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Cygnus OA-7

NSSDCA/COSPAR ID: 2017-019A

Description

Orbital ATK’s Cygnus spacecraft, alongside SpaceX’s Dragon, is one of two spacecraft NASA use to deliver cargo to the International Space Station as part of the Commercial Resupply Services (CRS) program. Cygnus first flew in 2013, conducting a demonstration mission under NASA’s Commercial Orbital Transportation Services (COTS) program. The Cygnus spacecraft consists of a pressurized cargo module (PCM) and a service module built with Orbital’s experience of developing free-flying spacecraft with its GEOStar and LEOStar satellite busses. The cargo module was constructed by Thales Alenia Space and is derived from the Multi-Purpose Logistics Modules (MPLMs) that were carried to the station during the Space Shuttle program. An enhanced version of the Cygnus, with an extended cargo module and redesigned solar arrays and fuel tanks, debuted in December 2015 and is now the standard for all missions.

Cygnus was a late addition to the Commercial Orbital Transport Services program, taking the place of Rocketplane Kistler’s K-1 vehicle, whose funding was canceled in 2007 after the company had been unable to meet project milestones. Orbital was awarded the contract to develop Cygnus in February 2008 as part of a second round of bidding. In December 2008 Orbital was awarded a Commercial Resupply Services contract for eight resupply missions. This was reduced by one following enhancements to the Cygnus spacecraft and the use of the more powerful Atlas rockets for the OA-4 and OA-6 launches, which reduced the number of missions that would be needed to deliver the required amount of payload. NASA has since extended the original CRS contract to eleven missions and awarded Orbital a new contract under the second phase of the CRS program for a minimum of six additional flights. However, Tuesday’s mission – OA-7 – will be the last of those in the original award to fly.

The OA-7 spacecraft is named the SS John Glenn, after the astronaut who was the first American to orbit the Earth. Glenn, a member of NASA’s original Mercury Seven astronaut group, was born in July 1921 and became the third American to fly in space aboard his Friendship 7 spacecraft during February 1962’s Mercury-Atlas 6 mission. Launching atop an Atlas LV-3B rocket – a modified Atlas D missile – Glenn’s capsule completed three orbits of the Earth before being deorbited for landing in the Atlantic Ocean, almost five hours after liftoff. Glenn was the fifth man to fly in space – following Soviet cosmonauts Yuri Gagarin and Gherman Titov, who completed orbital missions aboard Vostok spacecraft, and American astronauts Alan Shepard and Virgil ‘Gus’ Grissom, who made suborbital flights aboard Mercury spacecraft boosted by smaller Redstone rockets. Before his selection as an astronaut, Glenn served in the US Marine Corps as a naval aviator, seeing action in the Pacific during the Second World War and in the Korean War before becoming a test pilot.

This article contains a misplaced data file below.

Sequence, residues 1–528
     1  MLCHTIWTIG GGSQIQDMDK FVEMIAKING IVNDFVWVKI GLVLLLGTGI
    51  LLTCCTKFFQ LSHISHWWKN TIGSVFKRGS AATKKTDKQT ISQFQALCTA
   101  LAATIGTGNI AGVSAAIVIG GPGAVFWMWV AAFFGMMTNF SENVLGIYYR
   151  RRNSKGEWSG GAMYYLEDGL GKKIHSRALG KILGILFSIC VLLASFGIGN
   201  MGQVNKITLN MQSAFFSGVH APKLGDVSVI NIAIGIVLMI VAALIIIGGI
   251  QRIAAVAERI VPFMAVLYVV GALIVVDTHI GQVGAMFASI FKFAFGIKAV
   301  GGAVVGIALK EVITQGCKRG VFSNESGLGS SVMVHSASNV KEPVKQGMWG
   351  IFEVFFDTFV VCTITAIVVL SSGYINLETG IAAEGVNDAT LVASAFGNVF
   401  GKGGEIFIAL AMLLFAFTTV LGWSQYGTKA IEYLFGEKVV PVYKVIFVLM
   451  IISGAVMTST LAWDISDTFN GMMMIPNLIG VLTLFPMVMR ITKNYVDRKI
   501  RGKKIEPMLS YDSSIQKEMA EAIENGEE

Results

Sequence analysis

As the first American to complete an orbital space mission, Glenn became a national hero. This status resulted in him being removed from active flight status and he subsequently resigned from NASA to enter politics. As a member of the Democratic Party, Glenn was elected to Congress in 1974 as a Senator for the state of Ohio, serving until 1999. Glenn made a bid for the Presidency in the 1984 election, losing the Democratic nomination to Walter Mondale. John Glenn returned to space in 1998, at the age of 77, flying as a payload specialist aboard Space Shuttle Discovery during the STS-95 mission. In the process, Glenn became the oldest person to fly in space, a record which still stands. He was the last member of the Mercury Seven to fly a space mission, and the only Mercury astronaut to fly aboard the Shuttle. The last surviving member of the Mercury Seven, Glenn died on 8 December last year. He was laid to rest at Arlington National Cemetery with full military honors earlier this month.

Alternate Names

    Facts in Brief

    Launch Date: 2017-04-18
    Launch Vehicle: Atlas V
    Launch Site: Cape Canaveral, United States

    Funding Agency

    • National Aeronautics and Space Administration (United States)

    Discipline

    • Resupply/Refurbishment/Repair

    Additional Information

    Questions and comments about this spacecraft can be directed to: Coordinated Request and User Support Office

     
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